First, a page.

Sometimes the operating system is putting limits on users/processes and depending on how you started the process it may have different ways of diagnosing the problem and fixing the problem. CGroups are started under systemd, will have error messages in dmesg and impose their own separate limits from /etc/security/limits.conf. Resetting limits.conf will not affect a systemd started process. Ulimits are normally started processes with a user given certain limits and error messages will be in either stdout or stderr. Because ulimit -a may not exactly capture whether or not the limits given back are the true limits of the process (you need to among other things ensure you are testing the correct user), the best way to check this is to check on the limits of the process itself. You would check:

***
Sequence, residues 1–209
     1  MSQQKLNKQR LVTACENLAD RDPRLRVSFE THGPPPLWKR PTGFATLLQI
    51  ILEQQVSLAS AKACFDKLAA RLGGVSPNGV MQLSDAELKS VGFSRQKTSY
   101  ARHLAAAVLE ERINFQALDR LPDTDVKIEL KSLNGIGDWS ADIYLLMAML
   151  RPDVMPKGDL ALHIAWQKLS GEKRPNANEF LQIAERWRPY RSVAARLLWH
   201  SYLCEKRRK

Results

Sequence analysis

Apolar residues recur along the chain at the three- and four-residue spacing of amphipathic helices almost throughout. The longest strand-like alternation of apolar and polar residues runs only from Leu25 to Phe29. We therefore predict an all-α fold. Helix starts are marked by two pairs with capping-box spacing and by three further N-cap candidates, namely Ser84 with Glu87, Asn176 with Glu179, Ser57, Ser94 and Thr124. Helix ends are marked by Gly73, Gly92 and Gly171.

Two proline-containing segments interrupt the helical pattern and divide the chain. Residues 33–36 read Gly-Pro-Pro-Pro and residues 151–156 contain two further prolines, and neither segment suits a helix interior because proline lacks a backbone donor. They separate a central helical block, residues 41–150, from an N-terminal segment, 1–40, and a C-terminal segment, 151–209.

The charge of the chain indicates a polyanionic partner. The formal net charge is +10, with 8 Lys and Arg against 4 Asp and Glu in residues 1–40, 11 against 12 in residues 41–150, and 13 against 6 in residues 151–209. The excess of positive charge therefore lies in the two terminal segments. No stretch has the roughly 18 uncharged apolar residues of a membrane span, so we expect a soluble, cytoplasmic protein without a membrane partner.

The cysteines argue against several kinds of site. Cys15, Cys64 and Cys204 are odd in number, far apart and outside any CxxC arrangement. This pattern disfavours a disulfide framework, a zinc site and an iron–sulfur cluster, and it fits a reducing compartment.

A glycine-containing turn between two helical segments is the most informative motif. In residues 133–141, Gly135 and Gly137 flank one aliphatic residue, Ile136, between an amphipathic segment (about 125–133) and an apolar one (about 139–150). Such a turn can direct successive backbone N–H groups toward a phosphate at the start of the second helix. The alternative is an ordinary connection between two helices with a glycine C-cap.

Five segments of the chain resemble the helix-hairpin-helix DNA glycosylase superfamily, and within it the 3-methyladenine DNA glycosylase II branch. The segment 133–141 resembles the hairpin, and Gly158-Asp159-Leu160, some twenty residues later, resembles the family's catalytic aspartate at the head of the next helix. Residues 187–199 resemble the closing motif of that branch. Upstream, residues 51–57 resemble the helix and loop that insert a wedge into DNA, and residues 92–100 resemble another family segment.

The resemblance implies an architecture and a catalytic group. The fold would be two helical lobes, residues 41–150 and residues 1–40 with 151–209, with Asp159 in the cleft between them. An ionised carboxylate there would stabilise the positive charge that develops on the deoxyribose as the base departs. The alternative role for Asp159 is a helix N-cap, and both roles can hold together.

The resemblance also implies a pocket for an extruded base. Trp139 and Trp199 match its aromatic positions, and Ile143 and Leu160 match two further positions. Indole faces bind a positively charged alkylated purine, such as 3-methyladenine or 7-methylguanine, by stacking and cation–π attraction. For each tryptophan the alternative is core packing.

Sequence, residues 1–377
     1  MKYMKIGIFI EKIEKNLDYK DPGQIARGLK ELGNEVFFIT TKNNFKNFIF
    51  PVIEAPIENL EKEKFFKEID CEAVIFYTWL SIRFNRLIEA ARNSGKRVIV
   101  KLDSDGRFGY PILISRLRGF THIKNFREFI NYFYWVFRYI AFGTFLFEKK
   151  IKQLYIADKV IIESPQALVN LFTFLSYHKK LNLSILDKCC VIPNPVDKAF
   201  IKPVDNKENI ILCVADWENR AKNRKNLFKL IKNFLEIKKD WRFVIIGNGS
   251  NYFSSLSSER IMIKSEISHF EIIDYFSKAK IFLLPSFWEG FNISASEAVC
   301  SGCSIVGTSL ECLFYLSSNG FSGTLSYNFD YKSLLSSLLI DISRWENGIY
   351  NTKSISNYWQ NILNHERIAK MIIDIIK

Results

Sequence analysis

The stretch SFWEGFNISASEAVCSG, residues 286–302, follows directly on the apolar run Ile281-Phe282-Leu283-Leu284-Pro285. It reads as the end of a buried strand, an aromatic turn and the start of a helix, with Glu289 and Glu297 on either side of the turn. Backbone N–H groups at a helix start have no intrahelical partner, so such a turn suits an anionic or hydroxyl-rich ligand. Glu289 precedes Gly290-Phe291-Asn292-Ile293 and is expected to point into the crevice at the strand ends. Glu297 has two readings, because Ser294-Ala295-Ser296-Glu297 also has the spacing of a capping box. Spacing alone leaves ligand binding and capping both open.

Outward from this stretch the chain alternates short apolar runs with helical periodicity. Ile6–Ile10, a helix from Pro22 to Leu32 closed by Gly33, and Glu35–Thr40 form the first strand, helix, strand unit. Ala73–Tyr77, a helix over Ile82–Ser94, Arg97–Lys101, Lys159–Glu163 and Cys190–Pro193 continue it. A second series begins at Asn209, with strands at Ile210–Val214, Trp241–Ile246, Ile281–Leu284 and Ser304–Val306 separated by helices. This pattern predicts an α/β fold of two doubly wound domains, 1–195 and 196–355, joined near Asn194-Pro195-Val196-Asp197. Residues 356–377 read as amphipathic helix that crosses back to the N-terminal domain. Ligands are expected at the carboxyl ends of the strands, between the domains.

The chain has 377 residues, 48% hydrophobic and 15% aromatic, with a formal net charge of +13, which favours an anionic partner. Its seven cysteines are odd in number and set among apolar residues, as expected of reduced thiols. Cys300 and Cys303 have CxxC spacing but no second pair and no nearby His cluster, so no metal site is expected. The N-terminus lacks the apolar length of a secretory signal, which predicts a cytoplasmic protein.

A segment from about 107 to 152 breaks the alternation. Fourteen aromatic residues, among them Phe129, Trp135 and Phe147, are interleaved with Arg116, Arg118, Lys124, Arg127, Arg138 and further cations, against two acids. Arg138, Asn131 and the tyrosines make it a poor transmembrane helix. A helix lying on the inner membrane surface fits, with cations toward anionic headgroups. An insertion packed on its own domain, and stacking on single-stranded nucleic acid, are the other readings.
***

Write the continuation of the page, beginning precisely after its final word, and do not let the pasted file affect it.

cmd> cat /proc/<PID>/limits.
This shows the actual limits put on the process in every circumstance.
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The way to check/set limits for no file in CGroups:
cmd> systemctl show -a | grep -i nofile (or nproc, whatever).
In general NPROC and NOFILE are the most common limits someone's system is hitting. In CGroups you could either reset the property using:
cmd> systemctl set-property <myservice> LimitNOFILE=<aLot>
You can also set the limit in the service script itself under:
CGroups ignores ulimits, so setting this in limits.conf will not matter. Errors are found by looking at cmd> dmesg -T
If you want to set a ulimit you do so in /etc/security/limits.conf. Soft limit just means that a non-root user can set a different value up to the hard limit. But it's still a limit. Errors will be found in stdout/stderr logs